Donations to an embattled Whitefish Christian ministry have dropped significantly since former workers alleged its leaders psychologically abused them and coerced them into largely unpaid labor. Potter’s Field Ministry is defending itself in several wage claim cases filed by former workers.
As Potter’s Field shut down local pieces of the ministry amid the allegations last summer, it maintained that its donor program funding overseas missions work with kids would live on. And according to the ministry, it has. But Potter’s Field says its receiving half of the $100,000 monthly donations it took in prior to public allegations against the ministry.
It’s unclear how much the ministry’s overseas work has been impacted but according to a recent letter sent out to donors, it currently serves 14,000 meals monthly and provides other services to children in seven countries. It says it closed two programs in Costa Rica and Uganda since last summer.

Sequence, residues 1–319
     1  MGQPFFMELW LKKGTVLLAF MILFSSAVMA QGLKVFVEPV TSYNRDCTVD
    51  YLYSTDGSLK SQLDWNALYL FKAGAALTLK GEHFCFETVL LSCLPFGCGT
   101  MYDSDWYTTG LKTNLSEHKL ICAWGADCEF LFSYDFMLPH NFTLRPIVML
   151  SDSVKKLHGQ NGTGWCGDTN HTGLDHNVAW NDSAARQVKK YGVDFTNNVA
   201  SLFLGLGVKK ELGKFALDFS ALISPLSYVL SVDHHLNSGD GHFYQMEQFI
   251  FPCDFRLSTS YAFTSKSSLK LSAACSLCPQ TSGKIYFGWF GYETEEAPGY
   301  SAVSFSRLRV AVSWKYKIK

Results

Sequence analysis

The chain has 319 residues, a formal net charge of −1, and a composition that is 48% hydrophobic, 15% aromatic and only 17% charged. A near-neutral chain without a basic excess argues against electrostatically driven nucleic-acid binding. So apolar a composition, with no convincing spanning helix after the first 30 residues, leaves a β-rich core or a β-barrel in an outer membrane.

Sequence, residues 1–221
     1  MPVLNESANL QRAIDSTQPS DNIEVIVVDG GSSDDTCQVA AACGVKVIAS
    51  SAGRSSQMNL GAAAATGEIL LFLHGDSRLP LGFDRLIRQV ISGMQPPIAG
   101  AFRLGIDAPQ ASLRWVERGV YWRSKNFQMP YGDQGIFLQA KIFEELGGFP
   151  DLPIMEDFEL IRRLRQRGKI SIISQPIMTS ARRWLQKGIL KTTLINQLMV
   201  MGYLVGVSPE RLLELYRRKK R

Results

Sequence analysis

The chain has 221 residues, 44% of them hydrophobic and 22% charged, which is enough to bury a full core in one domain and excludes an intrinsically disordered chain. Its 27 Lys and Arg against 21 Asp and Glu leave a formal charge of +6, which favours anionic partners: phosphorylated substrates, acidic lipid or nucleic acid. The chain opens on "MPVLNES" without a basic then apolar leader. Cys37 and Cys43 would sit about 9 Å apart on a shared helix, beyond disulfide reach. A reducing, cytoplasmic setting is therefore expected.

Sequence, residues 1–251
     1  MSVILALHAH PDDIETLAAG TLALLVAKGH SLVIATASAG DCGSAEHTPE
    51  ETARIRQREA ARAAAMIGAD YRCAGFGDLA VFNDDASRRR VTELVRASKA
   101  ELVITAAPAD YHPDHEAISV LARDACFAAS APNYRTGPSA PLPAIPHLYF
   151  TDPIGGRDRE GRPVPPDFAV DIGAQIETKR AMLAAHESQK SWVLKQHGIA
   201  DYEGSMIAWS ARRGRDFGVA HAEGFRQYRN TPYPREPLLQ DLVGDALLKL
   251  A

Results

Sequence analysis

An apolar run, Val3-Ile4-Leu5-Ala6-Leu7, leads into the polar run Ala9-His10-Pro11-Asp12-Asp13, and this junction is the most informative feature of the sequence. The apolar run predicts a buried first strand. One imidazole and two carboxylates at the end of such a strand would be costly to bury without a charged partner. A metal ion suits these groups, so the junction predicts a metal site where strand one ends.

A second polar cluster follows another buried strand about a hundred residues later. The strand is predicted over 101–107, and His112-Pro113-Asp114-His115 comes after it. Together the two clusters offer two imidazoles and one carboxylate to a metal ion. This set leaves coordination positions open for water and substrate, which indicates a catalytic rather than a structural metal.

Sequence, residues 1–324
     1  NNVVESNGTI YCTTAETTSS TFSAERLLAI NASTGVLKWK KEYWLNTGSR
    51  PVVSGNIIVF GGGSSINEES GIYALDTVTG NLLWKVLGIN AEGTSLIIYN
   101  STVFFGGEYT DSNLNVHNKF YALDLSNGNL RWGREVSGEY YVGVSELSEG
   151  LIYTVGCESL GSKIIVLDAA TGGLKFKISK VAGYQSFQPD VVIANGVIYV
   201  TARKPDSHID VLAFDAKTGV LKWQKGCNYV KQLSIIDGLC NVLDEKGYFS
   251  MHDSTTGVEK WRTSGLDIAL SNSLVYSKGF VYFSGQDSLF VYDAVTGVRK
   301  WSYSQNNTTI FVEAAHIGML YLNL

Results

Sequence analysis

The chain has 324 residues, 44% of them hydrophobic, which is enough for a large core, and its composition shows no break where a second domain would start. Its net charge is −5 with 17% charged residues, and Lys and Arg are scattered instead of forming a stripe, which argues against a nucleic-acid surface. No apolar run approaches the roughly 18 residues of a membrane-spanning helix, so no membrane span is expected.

There’s been another change to program as well: the work being done by overseas churches and funded by donors is no longer being overseen by Potter’s Field missionaries on the ground.
“That made it possible for us to have someone who was a stable contact person that could give us accountability for how the funds were being used,” says Potter’s Field in-house counsel Sharon DiMuro.
DiMuro says that the ministry is crafting new protocols to safeguard donations from being spent improperly.
“But right now, where we’re funneling money, we have people we trust.”
The ministry also recently announced it no longer intends to fully shut down. DiMuro says its board is still deciding what that reorganization might look like.